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8 - Obscenity and the erotics of fiction

Published online by Cambridge University Press:  28 January 2012

Robert L. Caserio
Affiliation:
Pennsylvania State University
Clement Hawes
Affiliation:
University of Michigan, Ann Arbor
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Summary

Thirty years after publishing Memoirs of a Woman of Pleasure (1748–1749), the most celebrated erotic novel in the language, John Cleland was still boasting about its periphrastic delicacy of style. His ornate diction originated in a kind of wager, he told James Boswell, undertaken to demonstrate “that one could write so freely about a woman of the town without resorting to the coarseness of [L'École] des filles, which had quite plain words.” This was a telling contrast, for L'École des filles, a libertine dialogue of 1655, had long been a byword for brazen obscenity. Seized and burned by the Paris authorities within weeks of its first appearance, it was also suppressed in London when the publisher of an English translation was fined “for printing divers obscene & lascivious bookes, one called The School of Venus.” But Cleland's claim was not only to have transcended, in his elaborate circumlocutions, the most scandalous pornographic writing of the previous century. By eschewing the gross literalism of L'École des filles, he had also achieved a sensuality unmatched by the most sophisticated literary bawdry of his own day. The language of the body in Tristram Shandy, Laurence Sterne's Rabelaisian masterpiece of 1759–1767, was likewise “too plain,” and Cleland had told Sterne so to his face. “I reproved him, saying, ‘it gives no sensations.’ Said he: ‘You have furnished me a vindication. It can do no harm.’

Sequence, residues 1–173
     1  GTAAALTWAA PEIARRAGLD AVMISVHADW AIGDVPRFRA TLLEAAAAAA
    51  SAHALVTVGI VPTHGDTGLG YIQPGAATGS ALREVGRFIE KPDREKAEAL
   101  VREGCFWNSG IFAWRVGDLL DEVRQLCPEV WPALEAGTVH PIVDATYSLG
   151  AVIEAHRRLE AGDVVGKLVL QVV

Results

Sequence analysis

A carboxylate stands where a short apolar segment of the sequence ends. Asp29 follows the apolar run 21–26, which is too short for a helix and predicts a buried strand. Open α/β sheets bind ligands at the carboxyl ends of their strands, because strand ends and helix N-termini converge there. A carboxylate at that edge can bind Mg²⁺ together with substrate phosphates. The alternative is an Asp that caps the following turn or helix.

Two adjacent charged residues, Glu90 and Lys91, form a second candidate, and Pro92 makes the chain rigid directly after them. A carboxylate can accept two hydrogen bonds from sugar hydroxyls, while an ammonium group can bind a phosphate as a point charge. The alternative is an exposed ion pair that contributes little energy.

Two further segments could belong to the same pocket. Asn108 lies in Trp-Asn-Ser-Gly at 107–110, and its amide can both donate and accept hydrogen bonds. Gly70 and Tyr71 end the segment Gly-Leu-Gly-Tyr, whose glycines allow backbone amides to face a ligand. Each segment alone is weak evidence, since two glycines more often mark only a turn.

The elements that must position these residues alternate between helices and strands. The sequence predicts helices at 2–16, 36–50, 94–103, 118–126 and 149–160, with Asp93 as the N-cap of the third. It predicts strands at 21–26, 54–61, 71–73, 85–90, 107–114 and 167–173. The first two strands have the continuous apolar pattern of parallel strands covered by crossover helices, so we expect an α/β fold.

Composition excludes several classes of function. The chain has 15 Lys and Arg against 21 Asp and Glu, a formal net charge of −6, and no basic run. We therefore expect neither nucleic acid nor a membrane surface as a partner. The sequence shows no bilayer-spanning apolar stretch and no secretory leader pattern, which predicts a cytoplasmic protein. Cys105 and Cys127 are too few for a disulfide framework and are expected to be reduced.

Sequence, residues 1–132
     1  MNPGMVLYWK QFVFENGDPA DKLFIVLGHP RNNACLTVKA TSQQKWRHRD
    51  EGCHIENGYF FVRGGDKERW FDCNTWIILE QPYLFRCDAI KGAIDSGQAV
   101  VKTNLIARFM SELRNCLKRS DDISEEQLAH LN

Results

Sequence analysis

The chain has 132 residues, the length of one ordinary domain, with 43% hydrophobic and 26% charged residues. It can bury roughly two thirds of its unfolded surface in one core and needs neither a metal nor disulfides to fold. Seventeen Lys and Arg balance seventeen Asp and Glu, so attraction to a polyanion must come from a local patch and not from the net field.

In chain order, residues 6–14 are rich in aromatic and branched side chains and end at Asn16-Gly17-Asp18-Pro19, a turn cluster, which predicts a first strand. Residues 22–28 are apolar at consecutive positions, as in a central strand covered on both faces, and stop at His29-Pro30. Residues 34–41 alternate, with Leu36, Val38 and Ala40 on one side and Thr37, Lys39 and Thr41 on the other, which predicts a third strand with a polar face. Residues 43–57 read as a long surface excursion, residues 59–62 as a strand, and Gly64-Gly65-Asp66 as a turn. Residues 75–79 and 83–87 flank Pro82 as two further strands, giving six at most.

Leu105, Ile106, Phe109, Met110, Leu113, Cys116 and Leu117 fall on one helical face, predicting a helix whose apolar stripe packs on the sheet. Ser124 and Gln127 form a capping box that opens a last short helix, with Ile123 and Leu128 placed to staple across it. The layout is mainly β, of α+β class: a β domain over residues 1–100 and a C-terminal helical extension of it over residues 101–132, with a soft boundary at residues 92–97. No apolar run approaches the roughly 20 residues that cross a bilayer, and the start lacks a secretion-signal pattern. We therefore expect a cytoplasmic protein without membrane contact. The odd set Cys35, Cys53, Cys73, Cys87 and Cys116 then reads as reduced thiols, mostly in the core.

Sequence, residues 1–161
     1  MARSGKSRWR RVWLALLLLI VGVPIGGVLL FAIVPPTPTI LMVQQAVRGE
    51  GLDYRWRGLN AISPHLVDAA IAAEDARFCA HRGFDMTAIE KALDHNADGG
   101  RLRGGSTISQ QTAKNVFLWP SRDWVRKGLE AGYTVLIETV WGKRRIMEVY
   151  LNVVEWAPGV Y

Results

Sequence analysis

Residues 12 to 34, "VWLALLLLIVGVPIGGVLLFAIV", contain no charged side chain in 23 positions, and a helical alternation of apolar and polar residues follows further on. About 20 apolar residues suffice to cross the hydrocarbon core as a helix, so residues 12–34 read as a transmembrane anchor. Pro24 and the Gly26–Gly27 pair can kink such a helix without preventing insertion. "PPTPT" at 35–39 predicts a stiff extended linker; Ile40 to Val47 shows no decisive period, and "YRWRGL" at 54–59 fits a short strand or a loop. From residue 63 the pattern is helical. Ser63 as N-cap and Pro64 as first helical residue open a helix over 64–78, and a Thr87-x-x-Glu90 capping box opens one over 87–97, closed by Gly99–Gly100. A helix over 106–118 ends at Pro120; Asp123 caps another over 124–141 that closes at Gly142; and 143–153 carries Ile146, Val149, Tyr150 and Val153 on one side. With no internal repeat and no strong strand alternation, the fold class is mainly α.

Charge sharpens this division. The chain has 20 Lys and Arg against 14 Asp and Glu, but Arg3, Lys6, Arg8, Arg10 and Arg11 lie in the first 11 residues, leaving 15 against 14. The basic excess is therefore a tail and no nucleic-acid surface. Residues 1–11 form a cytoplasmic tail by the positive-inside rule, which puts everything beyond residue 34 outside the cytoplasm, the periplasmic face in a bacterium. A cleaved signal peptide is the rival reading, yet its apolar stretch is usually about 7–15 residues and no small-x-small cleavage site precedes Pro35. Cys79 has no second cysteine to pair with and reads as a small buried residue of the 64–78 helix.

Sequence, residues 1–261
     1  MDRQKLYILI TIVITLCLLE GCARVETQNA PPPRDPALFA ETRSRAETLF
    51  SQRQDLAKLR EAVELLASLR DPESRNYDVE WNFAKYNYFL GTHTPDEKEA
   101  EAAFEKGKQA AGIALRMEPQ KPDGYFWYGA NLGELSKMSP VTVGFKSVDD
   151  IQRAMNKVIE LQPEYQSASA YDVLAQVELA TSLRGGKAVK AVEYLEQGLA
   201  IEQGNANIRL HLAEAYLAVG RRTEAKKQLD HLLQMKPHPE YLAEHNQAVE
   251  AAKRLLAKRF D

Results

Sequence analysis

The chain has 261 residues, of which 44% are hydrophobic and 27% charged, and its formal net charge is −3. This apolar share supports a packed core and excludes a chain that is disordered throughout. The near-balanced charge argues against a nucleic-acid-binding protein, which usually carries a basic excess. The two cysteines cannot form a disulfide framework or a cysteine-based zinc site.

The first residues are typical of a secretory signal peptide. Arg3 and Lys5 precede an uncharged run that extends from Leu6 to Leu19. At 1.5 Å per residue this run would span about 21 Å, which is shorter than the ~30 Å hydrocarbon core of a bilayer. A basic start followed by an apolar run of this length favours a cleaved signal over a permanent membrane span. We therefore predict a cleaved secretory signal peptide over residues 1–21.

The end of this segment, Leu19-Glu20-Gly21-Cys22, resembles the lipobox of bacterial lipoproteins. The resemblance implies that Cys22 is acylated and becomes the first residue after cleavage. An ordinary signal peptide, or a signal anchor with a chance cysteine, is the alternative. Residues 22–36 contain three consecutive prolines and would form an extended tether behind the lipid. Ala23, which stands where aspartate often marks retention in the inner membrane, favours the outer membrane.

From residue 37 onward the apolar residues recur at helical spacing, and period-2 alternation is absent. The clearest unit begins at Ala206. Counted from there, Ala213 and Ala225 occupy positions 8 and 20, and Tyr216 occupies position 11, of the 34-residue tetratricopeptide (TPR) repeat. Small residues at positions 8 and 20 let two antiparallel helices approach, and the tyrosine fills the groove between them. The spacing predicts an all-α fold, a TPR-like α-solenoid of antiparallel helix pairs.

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Publisher: Cambridge University Press
Print publication year: 2012

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